We consider the near-term future of computing as the Internet of Things is poised to link everything together, and biologists adopt the techniques of information science to program living cells.

    Plus: What’s your favorite sci-fi computer?

    Guests:

       Walter Isaacson – President and CEO of the Aspen Institute and the author of The Innovators: How a Group of Hackers, Geniuses, and Geeks Created the Digital Revolution

       Christopher Voigt – Bioengineer at MIT

       Andy Ihnatko – Technology journalist

       André Bormanis – Writer, screenwriter, Star Trek

       John Barrett – Electronic engineer, NIMBUS Centre for Embedded Systems Research at the Cork Institute of Technology, Ireland

  • In the century and a half since Charles Darwin wrote his seminal On the Origin of the Species, our understanding of evolution has changed quite a bit. For one, we have not only identified the inheritance molecule DNA, but have determined its sequence in many animals and plants.

    Evolution has evolved, and we take a look at some of the recent developments.

    A biologist describes the escalating horn-to-horn and tusk-to-tusk arms race between animals, and a paleoanthropologist explains why the lineage from chimp to human is no longer thought to be a straight line but, instead, a bush. Also, New York Times science writer Carl Zimmer on the diversity of bacteria living on you, and which evolutionary concepts he finds the trickiest to explain to the public.

    Guests:

       Douglas Emlen – Biologist, University of Montana and author of Animal Weapons: The Evolution of Battle

       Bernard Wood – Paleoanthropologist, George Washington University

       Carl Zimmer – Columnist for the New York Times

  • Nuclear fission powers the Sun. Or is it fusion? At any rate, helium is burned in the process, of that you are certain. After all, you read that article on astronomy last week*.

    You know what you know. But you probably don’t know what you don’t know. Few of us do. Scientists say we’re spectacularly incompetent at recognizing our own incompetency, and that sometimes leads to trouble.

    Find out why wrongness is the by-product of big brains and why even scientists – gasp! – are not immune. Plus, a peek into the trash bin of history: the biggest scientific blunders and the brighter-than-bright brains that made them. Including Einstein.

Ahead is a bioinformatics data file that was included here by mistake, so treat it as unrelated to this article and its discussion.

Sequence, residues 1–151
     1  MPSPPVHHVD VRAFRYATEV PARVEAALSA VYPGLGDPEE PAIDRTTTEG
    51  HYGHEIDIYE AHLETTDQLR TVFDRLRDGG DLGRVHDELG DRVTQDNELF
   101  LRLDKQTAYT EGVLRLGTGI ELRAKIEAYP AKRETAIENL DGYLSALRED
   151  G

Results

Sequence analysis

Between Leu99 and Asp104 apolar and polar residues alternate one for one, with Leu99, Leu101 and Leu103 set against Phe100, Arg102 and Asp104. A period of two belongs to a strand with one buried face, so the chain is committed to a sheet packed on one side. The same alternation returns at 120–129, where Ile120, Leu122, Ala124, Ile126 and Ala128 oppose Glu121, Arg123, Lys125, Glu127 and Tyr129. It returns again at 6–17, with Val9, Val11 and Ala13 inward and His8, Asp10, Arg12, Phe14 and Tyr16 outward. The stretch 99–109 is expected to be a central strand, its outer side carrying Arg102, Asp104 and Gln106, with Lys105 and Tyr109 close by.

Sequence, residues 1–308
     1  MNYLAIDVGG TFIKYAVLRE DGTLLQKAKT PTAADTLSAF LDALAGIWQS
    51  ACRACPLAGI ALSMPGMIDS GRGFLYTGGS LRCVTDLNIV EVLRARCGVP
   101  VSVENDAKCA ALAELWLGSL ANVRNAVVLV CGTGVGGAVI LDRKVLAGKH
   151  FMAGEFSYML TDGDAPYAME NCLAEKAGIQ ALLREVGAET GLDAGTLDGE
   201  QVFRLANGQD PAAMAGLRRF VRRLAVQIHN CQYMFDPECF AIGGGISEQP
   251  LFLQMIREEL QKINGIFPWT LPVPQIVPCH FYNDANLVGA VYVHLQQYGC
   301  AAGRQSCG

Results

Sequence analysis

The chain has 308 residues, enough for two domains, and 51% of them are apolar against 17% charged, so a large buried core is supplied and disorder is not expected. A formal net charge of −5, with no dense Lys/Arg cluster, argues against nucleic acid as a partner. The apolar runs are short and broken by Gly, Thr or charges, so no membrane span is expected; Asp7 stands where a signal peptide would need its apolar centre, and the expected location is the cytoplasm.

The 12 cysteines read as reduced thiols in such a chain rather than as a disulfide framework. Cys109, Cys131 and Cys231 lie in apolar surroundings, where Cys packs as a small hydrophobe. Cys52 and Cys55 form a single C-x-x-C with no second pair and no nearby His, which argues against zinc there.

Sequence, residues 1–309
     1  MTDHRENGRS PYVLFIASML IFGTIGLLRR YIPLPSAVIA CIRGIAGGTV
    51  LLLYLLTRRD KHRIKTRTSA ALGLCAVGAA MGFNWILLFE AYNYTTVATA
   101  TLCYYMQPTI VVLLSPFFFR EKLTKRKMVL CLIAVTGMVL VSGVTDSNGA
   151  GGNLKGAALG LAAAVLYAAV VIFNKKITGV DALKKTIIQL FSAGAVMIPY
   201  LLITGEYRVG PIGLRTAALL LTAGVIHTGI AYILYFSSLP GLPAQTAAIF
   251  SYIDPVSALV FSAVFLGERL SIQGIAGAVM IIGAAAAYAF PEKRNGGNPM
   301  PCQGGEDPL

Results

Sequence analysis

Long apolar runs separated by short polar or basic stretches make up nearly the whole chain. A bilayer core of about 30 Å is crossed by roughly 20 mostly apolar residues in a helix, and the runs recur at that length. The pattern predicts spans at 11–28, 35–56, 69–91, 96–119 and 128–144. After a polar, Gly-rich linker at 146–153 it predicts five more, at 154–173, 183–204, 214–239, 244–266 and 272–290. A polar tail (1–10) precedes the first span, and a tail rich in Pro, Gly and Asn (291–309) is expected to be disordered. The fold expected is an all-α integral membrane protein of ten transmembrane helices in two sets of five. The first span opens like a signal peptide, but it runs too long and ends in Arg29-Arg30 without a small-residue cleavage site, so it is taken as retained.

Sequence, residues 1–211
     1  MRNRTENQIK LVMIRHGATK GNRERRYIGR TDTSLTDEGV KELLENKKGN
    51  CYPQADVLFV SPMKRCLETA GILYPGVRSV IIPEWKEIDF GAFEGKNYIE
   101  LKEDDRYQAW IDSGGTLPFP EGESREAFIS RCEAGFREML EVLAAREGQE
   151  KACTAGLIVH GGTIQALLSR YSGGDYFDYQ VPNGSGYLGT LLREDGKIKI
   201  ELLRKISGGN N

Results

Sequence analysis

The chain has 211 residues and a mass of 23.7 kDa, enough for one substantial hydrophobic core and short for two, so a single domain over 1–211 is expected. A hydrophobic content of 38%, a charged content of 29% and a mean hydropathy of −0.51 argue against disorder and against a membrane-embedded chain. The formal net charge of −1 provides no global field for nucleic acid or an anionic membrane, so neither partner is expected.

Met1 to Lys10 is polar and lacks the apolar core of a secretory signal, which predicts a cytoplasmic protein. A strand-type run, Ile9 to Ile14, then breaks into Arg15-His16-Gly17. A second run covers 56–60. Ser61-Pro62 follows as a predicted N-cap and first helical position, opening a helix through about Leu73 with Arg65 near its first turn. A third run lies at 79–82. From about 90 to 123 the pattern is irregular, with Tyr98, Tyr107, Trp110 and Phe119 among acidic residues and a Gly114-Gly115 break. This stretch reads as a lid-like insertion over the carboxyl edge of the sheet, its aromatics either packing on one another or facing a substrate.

*Oh, and the Sun burns hydrogen to produce helium. But then, you knew that.

    Guests:

       David Dunning – Psychologist, Cornell University. His cover story, “We Are All Confidence Idiots,” appeared in the November/December issue of The Pacific Standard.

       Robert Burton – Neurologist, author, On Being Certain: Believing You Are Right Even When You’re Not

    and A Skeptic’s Guide to the Mind: What Neuroscience Can and Cannot Tell Us About Ourselves

       Brendan Nyhan – Political scientist, Dartmouth College

       Mario Livio – Astrophysicist, Space Telescope Science Institute, author, Brilliant Blunders: From Darwin to Einstein – Colossal Mistakes by Great Scientists That Changed Our Understanding of Life and the Universe

  • We all have at least some musical talent. But very few of us can play the piano like Vladimir Horowitz. His talent was rarefied, and at the tail end of the bell curve of musical ability – that tiny sliver of the distribution where you find the true outliers. Outliers also exist with natural events: hurricane Katrina, for example, or the asteroid that wiped out the dinosaurs. Such events are rare, but they often have outsized effects.

    In this hour we imagine the unimaginable – including the unexpected events labeled “black swans” – and how we weigh the risk for any of them. Also, how a supervolcano explosion at Yellowstone National Park could obliterate the western U.S. but shouldn’t stop you from putting the park on your vacation itinerary.

    Guests:

       Donald Prothero – Paleontologist, geologist, author of many books, among them, Catastrophes!: Earthquakes, Tsunamis, Tornadoes, and Other Earth-Shattering Disasters